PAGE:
An astounding fact that continually draws people to Costa Rica is the often-quoted statistic that we are home to 5% of the world’s biodiversity. The importance of biodiversity in Costa Rica is the principle reason 25% of Costa Rica’s land mass is retained in protected areas and national parks.
Now the Asociación Ornitológica Costarricense (Costa Rican Ornithological Society) reports that we officially have five new species of birds whose presence in the country has been confirmed. These are not species newly discovered to science, but rather they are species that were not known to be in Costa Rica before.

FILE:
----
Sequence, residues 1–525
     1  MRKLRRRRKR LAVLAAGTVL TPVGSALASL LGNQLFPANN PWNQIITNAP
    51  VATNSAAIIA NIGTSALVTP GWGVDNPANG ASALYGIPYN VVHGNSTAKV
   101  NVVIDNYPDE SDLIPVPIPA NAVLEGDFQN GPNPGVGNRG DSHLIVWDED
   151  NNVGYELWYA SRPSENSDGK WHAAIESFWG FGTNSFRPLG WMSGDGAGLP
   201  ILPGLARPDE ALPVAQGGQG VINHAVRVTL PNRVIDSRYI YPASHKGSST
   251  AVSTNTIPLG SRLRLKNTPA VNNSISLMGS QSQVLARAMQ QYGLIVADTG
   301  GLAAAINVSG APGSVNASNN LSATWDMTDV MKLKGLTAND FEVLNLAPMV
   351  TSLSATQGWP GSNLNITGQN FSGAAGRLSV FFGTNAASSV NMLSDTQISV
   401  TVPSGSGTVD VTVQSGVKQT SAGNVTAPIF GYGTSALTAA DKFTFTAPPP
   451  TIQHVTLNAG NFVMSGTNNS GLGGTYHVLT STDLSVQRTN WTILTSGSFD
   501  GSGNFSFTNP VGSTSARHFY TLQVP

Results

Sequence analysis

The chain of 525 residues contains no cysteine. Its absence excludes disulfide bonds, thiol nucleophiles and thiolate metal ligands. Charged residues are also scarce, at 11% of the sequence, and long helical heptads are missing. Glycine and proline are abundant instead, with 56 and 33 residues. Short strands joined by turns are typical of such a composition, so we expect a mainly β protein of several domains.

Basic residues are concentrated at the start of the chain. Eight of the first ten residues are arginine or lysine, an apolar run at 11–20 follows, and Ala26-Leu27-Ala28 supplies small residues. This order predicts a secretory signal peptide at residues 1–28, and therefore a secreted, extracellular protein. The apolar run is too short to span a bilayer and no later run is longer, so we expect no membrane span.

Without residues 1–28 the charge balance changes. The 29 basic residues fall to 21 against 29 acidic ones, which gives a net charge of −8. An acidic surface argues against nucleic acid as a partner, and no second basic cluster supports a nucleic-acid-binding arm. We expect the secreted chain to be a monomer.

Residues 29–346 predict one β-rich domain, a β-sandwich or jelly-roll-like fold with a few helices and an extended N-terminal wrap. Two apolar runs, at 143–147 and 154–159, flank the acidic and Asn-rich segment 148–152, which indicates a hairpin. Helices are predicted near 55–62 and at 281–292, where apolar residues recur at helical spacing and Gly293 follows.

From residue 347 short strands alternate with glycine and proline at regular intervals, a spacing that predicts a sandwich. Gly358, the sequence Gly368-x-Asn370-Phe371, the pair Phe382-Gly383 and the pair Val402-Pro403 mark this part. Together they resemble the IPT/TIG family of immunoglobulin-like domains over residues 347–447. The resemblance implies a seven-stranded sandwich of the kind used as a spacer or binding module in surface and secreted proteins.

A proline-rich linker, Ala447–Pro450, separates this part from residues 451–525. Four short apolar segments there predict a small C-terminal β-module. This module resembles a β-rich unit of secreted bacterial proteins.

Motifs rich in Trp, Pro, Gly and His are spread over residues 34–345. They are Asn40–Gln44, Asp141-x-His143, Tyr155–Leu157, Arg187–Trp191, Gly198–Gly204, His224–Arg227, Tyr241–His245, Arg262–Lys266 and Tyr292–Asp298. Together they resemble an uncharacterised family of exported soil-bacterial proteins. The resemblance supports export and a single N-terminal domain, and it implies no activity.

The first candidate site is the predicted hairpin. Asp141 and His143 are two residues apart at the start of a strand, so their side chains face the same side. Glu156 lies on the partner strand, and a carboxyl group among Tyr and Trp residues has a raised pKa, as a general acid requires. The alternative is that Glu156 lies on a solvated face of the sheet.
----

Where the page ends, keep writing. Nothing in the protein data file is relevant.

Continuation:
Not unlike our human visitors, these birds come from far and wide. The Knob-billed Duck pictured below was previously known in Central Asia, Africa, and eastern South America, and the Tahiti Petral is a sea bird previously ranging from Australia and the Pacific Islands to Mexico.
The Black-vented Shearwater is a species typically found off the Pacific coast of California while the Piping Plover comes all the way down from Canada and the Great Lakes. It’s breeding range extends from Newfoundland to the Gulf of Mexico.
Finally, the revised list now includes the Yellow-winged Tanager from Mexico, Honduras and Nicaragua. Of the five new species, the Tanager is the most common, having a Conservation Status of Least Concern.